As Brian Kelly of U.S. News explains, "In the job market, consider that there are approximately 3 million unfilled positions because companies can't find workers with basic technical skills. There's expected to be about 10 million such openings by 2020." 10 million unfilled positions because our kids will not have the basic technical skills. Kelly further writes, "A two-year degree in a STEM field is worth more than a four-year liberal arts diploma." So how do we relay better information to our students? Stitching together employer needs with education skills into a career pathway will be crucial.
3. And Most Importantly- Why Does STEM Matter?
It is critical to be explicit about why STEM matters. In most schools and classrooms today, both faculty and students approach STEM education as a consumption process. Few teachers talk to students about how these disciplines, careers and fields matter to individuals and how we live our lives in the STEM world.
Many students have no idea what engineers, scientist and mathematicians today can actually do when their skills are applied in areas that students are interested in. And therein lies the elephant in the room. We are seeking to influence and control what is not understood.
Samsung's Steel highlights an Intel survey that shows that:
when the teenagers surveyed understood that engineers create the tools and experiences that comprise their daily lives -- such as texting on their smart phone, sharing experiences with friends on Facebook or creating gaming technologies -- more than half then expressed an interest in engineering.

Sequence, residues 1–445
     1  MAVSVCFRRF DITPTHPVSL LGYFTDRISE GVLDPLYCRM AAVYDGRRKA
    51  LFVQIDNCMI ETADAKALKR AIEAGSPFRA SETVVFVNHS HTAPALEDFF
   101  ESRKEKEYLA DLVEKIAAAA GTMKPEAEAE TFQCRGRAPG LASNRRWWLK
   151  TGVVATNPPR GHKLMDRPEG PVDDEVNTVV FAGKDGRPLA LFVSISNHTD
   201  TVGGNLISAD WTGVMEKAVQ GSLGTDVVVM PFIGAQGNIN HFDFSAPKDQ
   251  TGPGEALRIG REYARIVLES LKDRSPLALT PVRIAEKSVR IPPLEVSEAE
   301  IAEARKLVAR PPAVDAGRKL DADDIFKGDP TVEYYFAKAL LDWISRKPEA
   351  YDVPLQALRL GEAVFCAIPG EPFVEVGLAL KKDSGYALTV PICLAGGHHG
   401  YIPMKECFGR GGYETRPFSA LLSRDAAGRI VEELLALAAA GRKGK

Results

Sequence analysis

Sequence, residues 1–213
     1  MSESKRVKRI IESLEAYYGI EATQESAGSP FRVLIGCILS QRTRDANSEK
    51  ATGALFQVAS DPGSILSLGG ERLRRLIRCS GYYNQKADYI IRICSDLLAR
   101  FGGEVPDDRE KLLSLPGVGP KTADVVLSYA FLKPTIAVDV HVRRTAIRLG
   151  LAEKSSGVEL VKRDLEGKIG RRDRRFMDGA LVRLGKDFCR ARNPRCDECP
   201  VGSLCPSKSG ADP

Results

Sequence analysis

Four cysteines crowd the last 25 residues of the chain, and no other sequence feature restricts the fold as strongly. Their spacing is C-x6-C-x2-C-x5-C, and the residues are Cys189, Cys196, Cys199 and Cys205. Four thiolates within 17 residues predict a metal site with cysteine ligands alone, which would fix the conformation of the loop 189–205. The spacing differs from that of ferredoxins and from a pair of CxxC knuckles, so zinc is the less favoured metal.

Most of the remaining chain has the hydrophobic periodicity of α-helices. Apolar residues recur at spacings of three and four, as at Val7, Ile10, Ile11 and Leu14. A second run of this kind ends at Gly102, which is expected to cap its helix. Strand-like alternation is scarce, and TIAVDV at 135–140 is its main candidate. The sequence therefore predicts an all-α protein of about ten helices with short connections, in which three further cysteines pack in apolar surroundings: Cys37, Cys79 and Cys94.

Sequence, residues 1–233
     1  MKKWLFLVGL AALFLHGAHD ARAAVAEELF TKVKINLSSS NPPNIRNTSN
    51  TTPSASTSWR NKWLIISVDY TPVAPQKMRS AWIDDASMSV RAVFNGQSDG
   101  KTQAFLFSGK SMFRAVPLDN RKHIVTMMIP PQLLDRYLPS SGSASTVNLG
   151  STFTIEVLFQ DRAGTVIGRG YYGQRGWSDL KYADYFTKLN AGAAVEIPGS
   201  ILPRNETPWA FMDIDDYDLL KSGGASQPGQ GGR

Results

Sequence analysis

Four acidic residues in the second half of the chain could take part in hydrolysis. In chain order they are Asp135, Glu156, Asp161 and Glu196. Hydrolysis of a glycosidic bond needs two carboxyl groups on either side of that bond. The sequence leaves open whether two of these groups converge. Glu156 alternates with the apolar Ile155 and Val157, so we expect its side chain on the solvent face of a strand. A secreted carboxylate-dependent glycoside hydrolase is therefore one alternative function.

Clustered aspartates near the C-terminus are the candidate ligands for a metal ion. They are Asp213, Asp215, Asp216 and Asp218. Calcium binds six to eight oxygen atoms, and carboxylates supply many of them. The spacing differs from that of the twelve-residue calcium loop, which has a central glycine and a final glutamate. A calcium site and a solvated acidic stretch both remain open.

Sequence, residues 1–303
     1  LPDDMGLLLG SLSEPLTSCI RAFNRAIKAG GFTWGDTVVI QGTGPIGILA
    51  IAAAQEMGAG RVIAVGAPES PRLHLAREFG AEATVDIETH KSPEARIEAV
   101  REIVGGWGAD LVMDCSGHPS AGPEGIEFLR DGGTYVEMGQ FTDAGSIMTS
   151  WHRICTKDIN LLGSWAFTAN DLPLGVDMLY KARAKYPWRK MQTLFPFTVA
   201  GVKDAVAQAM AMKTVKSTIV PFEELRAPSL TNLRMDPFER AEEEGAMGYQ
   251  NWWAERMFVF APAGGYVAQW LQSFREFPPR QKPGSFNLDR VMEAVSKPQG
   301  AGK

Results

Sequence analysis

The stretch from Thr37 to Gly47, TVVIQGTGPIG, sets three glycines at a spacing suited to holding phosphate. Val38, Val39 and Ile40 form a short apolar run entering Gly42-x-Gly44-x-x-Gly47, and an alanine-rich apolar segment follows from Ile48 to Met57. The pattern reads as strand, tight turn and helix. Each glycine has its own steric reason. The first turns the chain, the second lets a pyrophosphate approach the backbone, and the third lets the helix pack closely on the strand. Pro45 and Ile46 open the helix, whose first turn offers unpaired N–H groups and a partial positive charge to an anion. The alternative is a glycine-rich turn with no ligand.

It's important to give students the real life examples of what they can do with a degree in a STEM field.
- As fellow Huffington Post blogger Alison Craig Hockenberry pointed out in a 2011 post, it's important to tell your students that without STEM we wouldn't have the Harry Potter films, Angry Birds or Avatar.
- In a BlogHer post, Faye Anderson lauds the science-based rap contest Science Genius BATTLES created by GZA of the Wu-Tang Clan, Columbia Teachers' College professor Christopher Emdin and the website Rap Genius to use hip-hop to teach science.
- TopCoder developed NoNameSite so students can learn how to code, play games and engage with other students by coding games together.
What can you add to the acronym STEM that would demonstrate the essence of these fields today?
The following resources will provide you with a plethora of examples, inspirations, and models to help bring this branding alive:
- PBS Teachers STEM Education Resource Center offers a wealth of K-12 STEM activities from PBS websites and programs.
- he The National Geographic Learning Teacher STEM Resources provides links to STEM lesson plans as well as digital libraries and websites, including MIT-K12 and Girlstart.
- Lastly, the National Education Association offers a fantastic article, "The 10 Best STEM Resources" in which, The Exploratorium, a hands-on science museum in San Francisco provides fun and engaging ways for students to become interested in STEM.
Your most important takeaway from this post should be this:
Your brand is not what you say it is...but rather what your stakeholders say it is.
So I leave you with this, when our students hear the word "STEM" in a course or classroom, what does it mean to them?
Here's what it should...
● An aspiration to create
● A passion to help humankind
● A strategy and opportunity to effect change
● A means by which you see yourself
● An art of make something useful
● A desire to impact the world
● Imagination amplified
● Hope, beauty, insight made visible
● The human capacity to plan and produce
● Human-driven and heart-fueled
● The change we can/must see in the world
Let's REBRAND the conversation, shall we?